China Retains Title and Settles another Instalment on Singapore Debt
The winners in November 2009 in the Indian city of Lucknow, a flight of one hour from the country’s capital city of New Delhi, China successfully defended their Women’s Team title at the Asian Championships in Macao on the evening of Saturday 25th February 2012.
However they faced a very spirited and determined outfit from Singapore
Following their defeat at the hands of Singapore at the Liebherr World Team Championships in Moscow in May 2010, there is a debt to be settled; gradually that debt is being settled.
Another payment was made in the East Asia Games Dome.
China beat Singapore by three matches to one.
Guo Yan beat Feng Tianwei (11-8, 12-10, 11-6), Guo Yue overcame Li Jiawei (11-4, 6-11, 11-4, 13-11) to give China a two matches to nil lead. Yu Mengyu reduced the deficit by defeating Liu Shiwen (7-11, 6-11, 11-8, 11-5, 11-8) before Guo Yue ended matters.
She accounted for Feng Tianwei in four games (11-3, 12-10, 5-11, 11-9).
Once again there was no Wang Yuegu in the Singapore line-up.
Currently she is suffering from an arm injury; thus, as in the semi-final duel against Japan, Yu Mengyu joined forces with Feng Tianwei and Li Jiawei.
Rallies at a Premium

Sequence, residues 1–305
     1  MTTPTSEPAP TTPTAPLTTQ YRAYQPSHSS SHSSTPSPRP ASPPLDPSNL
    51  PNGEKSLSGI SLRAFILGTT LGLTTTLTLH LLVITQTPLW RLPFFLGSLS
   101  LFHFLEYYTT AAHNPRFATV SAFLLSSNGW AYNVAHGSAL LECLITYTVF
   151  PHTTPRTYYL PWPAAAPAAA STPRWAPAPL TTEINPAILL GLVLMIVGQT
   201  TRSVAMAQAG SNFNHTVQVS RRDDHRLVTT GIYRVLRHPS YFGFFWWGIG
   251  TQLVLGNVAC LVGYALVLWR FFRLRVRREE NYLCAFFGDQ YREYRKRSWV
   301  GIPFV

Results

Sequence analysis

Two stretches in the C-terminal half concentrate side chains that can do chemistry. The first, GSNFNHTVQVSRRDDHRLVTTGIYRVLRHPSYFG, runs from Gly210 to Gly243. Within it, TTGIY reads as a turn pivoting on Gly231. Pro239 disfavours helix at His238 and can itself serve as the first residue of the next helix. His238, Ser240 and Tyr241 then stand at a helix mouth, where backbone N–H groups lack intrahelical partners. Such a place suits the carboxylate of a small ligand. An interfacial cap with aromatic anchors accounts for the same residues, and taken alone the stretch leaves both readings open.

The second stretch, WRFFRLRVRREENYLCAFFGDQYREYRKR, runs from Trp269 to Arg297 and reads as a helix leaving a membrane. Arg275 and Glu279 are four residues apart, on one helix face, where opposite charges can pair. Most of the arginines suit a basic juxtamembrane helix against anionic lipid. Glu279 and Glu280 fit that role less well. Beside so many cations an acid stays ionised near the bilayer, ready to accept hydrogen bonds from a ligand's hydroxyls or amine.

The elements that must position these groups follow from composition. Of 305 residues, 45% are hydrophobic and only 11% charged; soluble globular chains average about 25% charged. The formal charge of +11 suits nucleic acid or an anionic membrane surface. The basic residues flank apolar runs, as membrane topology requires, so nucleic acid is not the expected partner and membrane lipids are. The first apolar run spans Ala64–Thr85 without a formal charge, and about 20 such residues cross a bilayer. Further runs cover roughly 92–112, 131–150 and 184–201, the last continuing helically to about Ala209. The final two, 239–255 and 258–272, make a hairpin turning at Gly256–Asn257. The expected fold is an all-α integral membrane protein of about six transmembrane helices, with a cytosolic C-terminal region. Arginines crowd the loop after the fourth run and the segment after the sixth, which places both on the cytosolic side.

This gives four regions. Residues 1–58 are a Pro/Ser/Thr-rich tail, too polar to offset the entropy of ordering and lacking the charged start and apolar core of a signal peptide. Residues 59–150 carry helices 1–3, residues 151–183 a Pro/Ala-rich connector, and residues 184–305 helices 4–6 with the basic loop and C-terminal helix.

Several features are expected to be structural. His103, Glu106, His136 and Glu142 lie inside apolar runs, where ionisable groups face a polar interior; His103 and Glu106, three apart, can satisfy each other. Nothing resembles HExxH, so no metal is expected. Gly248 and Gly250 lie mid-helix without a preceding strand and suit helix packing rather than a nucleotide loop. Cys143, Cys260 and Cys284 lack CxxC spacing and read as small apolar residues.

The duel between Guo Yan and Feng Tianwei, the match which opened proceedings, was a contest between two players who were well known to each other; the points were short and brief, rallies were at a premium.
Guo Yan captured the first game after Feng Tianwei had held an early lead; in the second game it was very much the same scenario. Guo Yan trailed 5-8; then she won five points in a row to lead 9-8.
Second Game Sways Momentum
Zhou Shushen, the Singapore coach, called “Time Out” but the momentum was with Guo Yan.
At 10-9, she held one game point, Feng Tianwei saved, at 11-10 Guo Yan held a second game point; this time the advantage was converted, a controlled backhand top spin from the Guo Yan racket directed towards the body of Feng Tianwei produced an error. The attempted block by the Singaporean flew long and high; Guo Yan was in the driving seat.